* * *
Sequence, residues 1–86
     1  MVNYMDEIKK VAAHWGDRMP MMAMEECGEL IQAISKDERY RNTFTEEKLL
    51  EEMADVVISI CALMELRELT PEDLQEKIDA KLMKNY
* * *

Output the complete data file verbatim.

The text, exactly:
Sequence, residues 1–86
     1  MVNYMDEIKK VAAHWGDRMP MMAMEECGEL IQAISKDERY RNTFTEEKLL
    51  EEMADVVISI CALMELRELT PEDLQEKIDA KLMKNY